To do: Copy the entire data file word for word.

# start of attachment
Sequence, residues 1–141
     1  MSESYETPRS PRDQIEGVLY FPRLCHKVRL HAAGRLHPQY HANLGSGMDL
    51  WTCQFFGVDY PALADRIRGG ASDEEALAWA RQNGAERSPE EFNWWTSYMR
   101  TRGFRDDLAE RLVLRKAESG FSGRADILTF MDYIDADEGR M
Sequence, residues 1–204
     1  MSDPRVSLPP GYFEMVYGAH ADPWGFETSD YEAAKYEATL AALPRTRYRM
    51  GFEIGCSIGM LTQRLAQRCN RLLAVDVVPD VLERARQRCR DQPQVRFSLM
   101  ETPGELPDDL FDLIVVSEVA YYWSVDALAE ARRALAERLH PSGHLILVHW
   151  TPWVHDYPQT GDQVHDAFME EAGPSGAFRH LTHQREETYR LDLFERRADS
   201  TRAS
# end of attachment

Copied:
Sequence, residues 1–141
     1  MSESYETPRS PRDQIEGVLY FPRLCHKVRL HAAGRLHPQY HANLGSGMDL
    51  WTCQFFGVDY PALADRIRGG ASDEEALAWA RQNGAERSPE EFNWWTSYMR
   101  TRGFRDDLAE RLVLRKAESG FSGRADILTF MDYIDADEGR M
Sequence, residues 1–204
     1  MSDPRVSLPP GYFEMVYGAH ADPWGFETSD YEAAKYEATL AALPRTRYRM
    51  GFEIGCSIGM LTQRLAQRCN RLLAVDVVPD VLERARQRCR DQPQVRFSLM
   101  ETPGELPDDL FDLIVVSEVA YYWSVDALAE ARRALAERLH PSGHLILVHW
   151  TPWVHDYPQT GDQVHDAFME EAGPSGAFRH LTHQREETYR LDLFERRADS
   201  TRAS